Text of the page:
When Catholics point out that several of Luther’s early writings sound pretty Catholic, the standard Protestant response (and a quite reasonable one, I might add), is that Luther wasn’t completely reformed yet. Even after he went into schism, he spent another quarter-century slowly divesting himself of his Catholic beliefs. But what’s remarkable is that, as Luther became less and less Catholic, he became less and less Christian. [Dang right]

Compare the before-and-after you see above to see what I mean. There are countless other examples that point in the same direction, too. For example, Hosanna Lutheran Church notes that Luther’s language in Against the Papacy at Rome Founded by the Devil, written in 1545 (a year before his death), was “the most vehement and vulgar Luther ever wrote. To accompany it Luther commissioned a series of political cartoons by Lucas Cranach defaming the pope and Rome.”

The man praised for taking a bold stand for freedom of conscience was positively bloodthirsty towards those whose consciences disagreed with his own. And he became crueler and more bloodthirsty, the longer he spent away from the Church. [Well like all protestant revolutionaries, “private interpretation” quickly came to mean “MY interpretation.”  And anyone who opposed Luther’s, or Zwingli’s, or especially Calvin’s interpretation was a damnable heretic and must be put to death.  Within three years of Luther posting his false “theses” protestantism had already splintered into myriad groups, mutually antagonistic and all claiming to be right, only joined together in confederations of convenience by hatred of the Church founded by Jesus Christ]

[Killer conclusion:] This is one of the most important questions that I think we can take away from this: do we have any reason to conclude from the evidence that Martin Luther was a Saint?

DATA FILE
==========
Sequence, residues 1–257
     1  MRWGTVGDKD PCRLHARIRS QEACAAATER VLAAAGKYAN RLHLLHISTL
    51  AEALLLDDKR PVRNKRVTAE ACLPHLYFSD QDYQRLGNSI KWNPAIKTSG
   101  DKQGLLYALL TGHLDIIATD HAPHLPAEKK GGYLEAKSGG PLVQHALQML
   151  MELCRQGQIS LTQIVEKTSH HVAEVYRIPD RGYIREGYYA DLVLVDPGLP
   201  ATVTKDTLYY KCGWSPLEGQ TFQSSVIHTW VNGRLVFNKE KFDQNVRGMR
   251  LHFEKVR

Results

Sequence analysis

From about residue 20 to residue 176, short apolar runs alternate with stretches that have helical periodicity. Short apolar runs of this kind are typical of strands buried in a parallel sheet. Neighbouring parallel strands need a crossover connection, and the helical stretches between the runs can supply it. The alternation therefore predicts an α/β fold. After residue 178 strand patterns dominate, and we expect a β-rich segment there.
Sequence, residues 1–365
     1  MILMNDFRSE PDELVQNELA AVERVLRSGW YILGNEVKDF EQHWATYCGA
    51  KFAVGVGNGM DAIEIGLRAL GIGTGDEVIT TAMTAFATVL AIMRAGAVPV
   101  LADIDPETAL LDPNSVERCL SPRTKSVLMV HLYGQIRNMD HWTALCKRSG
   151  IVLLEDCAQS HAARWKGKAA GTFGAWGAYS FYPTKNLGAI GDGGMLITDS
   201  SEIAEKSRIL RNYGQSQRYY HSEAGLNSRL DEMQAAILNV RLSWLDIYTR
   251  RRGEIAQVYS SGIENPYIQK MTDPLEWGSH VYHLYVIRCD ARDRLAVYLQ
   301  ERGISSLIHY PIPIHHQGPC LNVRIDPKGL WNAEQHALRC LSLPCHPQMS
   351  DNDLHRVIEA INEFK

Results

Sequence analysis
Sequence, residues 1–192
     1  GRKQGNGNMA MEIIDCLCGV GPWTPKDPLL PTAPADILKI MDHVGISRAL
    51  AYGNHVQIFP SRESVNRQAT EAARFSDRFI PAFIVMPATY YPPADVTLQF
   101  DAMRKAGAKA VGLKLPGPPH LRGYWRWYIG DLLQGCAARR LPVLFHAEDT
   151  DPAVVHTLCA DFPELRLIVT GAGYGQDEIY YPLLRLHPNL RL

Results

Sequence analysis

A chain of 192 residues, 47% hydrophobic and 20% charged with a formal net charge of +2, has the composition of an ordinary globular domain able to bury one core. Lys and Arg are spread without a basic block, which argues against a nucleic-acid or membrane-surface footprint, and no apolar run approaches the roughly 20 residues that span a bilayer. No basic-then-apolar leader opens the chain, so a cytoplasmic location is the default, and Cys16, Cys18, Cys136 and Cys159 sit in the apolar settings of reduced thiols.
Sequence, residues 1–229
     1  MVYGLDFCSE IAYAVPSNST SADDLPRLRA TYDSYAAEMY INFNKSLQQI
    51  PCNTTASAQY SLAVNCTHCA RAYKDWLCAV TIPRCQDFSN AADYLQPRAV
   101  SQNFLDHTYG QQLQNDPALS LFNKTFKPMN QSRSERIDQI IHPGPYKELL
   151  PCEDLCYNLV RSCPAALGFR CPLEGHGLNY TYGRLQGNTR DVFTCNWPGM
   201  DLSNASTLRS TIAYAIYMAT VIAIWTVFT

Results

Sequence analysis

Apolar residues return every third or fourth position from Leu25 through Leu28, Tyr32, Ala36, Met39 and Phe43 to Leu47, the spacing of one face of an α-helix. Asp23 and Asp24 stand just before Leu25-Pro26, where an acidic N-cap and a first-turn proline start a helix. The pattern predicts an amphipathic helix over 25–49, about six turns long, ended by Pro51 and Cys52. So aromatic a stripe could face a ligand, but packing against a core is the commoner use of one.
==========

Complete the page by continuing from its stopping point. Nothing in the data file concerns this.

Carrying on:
Within the same year, 1525, he both cautiously encouraged the peasant’s revolt as possibly of God, and called for everyone involved in the revolt to be killed, saying that they were all going to hell. Does that sound like someone being led by the Holy Spirit, or like those that St. Paul warns (Eph. 4:14) are “tossed to and fro and carried about with every wind of doctrine, by the cunning of men, by their craftiness in deceitful wiles”?
———-End Quote———–
Great post. Do go read the rest. Thanks to reader skeinster for the linka.
I must quickly add this note: Lutherans spent a century after Luther’s death reforming his untenable and unChristian doctrines into something much more palatable to reasonable men.  In so doing, they walked back much closer to Catholicism.  However, they stubbornly maintain at least a tacit attachment to all of Luther’s main errors, including private interpretation and justification by Faith alone. I note that the lead agent for the disastrous “Joint Declaration on Justification” between the Church and a German Lutheran synod was none other the Kasper the Klown Kardinal himself.